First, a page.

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Rwanda: Rules Can Restrict Abuses

But More Protections for Child Soldiers Needed

(New York) - Both Rwandan government troops and adversary rebel forces of the Army for the Liberation of Rwanda (ALIR) have given civilians greater protection in the conflict in Rwanda's northwest in 2001, Human Rights Watch said in a report released today.

As these forces continue to confront each other in the eastern Congo, Human Rights Watch called on both sides to impose the same discipline on their combatants in any new clashes.  
"Both sides have shown that they can make their combatants respect the rules of war when they believe it is in their interest to do so," said Alison Des Forges, senior advisor to the Africa division of Human Rights Watch.  
In contrast to previous combat in northwestern Rwanda where thousands of civilians were slain by both government army and rebel forces, the most recent episode inside Rwanda of the ongoing central African war cost relatively few civilian lives.  
The report, "Rwanda: Observing the Rules of War?" documents the findings of field research into combat in the northwest of Rwanda from May to July, based on interviews with civilians, combatants, and former combatants. Evidence shows that both government and rebel forces imposed new rules restricting attacks on civilians in the internal conflict, enforcing these through disciplinary measures. In stark contrast, the new rules did not apply to fighting by the Rwandan army and its proxies in eastern Congo's Kivu region or to ALIR's forces there. ALIR forces inside Rwanda also persisted in past patterns of looting and the use of child soldiers.  
Human Rights Watch researchers received reports of Rwandan troops killing people who were traveling in the company of rebel combatants but no accounts of reprisal attacks against local residents. ALIR combatants killed at least ten civilians, mostly in the course of looting, but did not target civilians in general, nor Tutsi in particular. ALIR combatants are often identified with the forces that executed the 1994 genocide that killed at least half a million Tutsi in Rwanda. Some ALIR leaders were officers in units of the former Rwandan army and in militia that participated in the genocide. But most ALIR combatants are of a later generation and were not part of the genocidal forces.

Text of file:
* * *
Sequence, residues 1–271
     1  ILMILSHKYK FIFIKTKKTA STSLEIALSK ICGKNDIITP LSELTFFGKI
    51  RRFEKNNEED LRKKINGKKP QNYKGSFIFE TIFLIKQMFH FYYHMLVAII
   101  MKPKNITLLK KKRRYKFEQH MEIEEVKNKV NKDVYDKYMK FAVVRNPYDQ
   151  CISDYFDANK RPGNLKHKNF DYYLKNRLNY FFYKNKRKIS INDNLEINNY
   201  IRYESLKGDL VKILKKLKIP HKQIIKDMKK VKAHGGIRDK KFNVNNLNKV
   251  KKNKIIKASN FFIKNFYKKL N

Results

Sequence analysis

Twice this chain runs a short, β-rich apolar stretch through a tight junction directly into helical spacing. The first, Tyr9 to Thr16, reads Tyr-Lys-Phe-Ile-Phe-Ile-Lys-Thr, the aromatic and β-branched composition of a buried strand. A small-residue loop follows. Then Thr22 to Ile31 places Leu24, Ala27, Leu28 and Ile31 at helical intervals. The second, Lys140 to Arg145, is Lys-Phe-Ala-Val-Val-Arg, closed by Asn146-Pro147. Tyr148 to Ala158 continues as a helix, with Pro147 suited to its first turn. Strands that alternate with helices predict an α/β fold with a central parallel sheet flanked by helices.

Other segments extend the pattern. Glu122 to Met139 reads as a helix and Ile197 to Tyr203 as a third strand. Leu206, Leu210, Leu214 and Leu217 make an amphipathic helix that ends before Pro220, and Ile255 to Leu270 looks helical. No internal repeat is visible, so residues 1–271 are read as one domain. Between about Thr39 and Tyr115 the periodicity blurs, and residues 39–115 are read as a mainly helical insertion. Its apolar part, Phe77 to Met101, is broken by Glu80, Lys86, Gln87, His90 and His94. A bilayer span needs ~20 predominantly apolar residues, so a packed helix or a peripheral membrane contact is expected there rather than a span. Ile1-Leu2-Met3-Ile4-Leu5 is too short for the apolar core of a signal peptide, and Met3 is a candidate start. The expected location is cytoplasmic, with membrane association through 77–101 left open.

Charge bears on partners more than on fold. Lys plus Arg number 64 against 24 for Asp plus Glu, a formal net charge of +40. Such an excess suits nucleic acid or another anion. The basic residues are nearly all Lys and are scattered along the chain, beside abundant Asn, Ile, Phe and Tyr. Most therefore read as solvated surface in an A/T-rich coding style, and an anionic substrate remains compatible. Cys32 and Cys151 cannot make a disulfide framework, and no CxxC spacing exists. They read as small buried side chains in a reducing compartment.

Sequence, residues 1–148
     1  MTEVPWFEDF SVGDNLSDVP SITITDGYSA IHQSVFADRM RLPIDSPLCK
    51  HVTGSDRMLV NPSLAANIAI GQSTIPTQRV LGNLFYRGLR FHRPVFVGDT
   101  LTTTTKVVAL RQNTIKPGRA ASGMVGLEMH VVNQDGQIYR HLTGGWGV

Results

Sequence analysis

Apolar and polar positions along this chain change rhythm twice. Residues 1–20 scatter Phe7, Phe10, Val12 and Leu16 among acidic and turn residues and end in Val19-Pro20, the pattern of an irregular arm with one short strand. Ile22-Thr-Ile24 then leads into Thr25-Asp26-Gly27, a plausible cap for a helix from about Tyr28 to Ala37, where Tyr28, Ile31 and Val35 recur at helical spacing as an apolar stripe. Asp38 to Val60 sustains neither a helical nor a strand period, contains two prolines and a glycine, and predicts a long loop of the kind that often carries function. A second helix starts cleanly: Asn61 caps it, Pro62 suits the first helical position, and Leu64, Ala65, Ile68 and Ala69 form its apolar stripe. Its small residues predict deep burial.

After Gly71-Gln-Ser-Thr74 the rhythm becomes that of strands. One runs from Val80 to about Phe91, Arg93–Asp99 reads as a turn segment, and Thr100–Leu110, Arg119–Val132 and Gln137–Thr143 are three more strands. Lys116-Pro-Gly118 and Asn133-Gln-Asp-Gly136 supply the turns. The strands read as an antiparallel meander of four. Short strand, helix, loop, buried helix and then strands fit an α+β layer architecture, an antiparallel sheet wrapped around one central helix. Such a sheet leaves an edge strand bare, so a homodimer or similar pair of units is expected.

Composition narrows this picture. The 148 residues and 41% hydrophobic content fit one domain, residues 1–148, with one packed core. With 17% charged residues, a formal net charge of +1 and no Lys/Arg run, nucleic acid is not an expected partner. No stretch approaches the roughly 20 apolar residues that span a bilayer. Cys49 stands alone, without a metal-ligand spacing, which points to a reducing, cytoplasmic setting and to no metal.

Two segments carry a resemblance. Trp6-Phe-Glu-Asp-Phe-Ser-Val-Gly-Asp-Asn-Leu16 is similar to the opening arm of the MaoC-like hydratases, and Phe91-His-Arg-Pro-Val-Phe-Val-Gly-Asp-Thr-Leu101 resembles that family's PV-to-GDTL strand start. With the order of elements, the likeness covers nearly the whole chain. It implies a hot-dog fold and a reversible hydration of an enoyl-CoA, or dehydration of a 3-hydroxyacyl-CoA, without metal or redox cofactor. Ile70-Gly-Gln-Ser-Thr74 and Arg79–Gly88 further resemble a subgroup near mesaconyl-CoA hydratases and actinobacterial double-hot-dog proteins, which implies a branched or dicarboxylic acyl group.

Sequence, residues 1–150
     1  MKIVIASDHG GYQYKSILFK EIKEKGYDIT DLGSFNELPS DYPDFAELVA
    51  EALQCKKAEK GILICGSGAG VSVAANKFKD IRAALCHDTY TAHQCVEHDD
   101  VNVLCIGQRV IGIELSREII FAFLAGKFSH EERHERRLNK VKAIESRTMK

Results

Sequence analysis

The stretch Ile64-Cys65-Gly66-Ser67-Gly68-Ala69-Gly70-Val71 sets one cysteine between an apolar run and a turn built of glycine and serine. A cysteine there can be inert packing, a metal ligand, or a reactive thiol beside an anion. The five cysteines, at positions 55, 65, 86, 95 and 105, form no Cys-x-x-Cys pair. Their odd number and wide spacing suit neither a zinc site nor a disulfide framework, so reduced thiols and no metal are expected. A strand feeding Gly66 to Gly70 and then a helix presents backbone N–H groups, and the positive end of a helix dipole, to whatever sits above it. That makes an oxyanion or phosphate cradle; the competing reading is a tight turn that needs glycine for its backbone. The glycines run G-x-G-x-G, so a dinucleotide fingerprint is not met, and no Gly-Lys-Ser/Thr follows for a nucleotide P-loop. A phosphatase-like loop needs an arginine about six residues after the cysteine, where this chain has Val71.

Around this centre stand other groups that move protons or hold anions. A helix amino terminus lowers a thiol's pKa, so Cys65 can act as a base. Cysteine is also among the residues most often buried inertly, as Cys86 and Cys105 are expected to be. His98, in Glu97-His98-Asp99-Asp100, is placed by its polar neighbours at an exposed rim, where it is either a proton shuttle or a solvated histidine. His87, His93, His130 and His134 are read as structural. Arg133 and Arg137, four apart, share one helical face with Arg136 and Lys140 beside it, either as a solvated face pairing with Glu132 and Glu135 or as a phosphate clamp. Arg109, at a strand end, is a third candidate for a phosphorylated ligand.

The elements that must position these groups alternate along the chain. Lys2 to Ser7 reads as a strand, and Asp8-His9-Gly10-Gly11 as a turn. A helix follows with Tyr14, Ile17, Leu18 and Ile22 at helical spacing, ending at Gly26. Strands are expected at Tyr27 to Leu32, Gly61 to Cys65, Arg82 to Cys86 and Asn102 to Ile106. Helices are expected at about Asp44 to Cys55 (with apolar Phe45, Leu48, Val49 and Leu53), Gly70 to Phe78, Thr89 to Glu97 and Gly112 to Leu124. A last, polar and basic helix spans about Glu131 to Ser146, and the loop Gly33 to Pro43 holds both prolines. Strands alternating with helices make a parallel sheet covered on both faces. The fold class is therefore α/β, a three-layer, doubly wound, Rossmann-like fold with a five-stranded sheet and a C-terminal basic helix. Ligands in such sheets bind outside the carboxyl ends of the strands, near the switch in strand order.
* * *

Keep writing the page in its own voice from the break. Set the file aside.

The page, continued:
ALIR continues to recruit and sometimes abduct children for military service, including some as young as ten years old. Several dozen children in ALIR forces were killed in recent military operations and nearly three hundred were captured by the Rwandan army. ALIR leaders have said that they have banned the use of child soldiers in accord with international humanitarian law, but in this case they have not effectively enforced their orders.  
"Both sides should continue and extend more careful observance of international humanitarian law," said Des Forges. "Let's see them apply the rules about child soldiers as well as rules about not attacking civilians. And let's see them enforce the rules of war in the Congo where combatants of both sides continue to commit abuses devastating to the local population."

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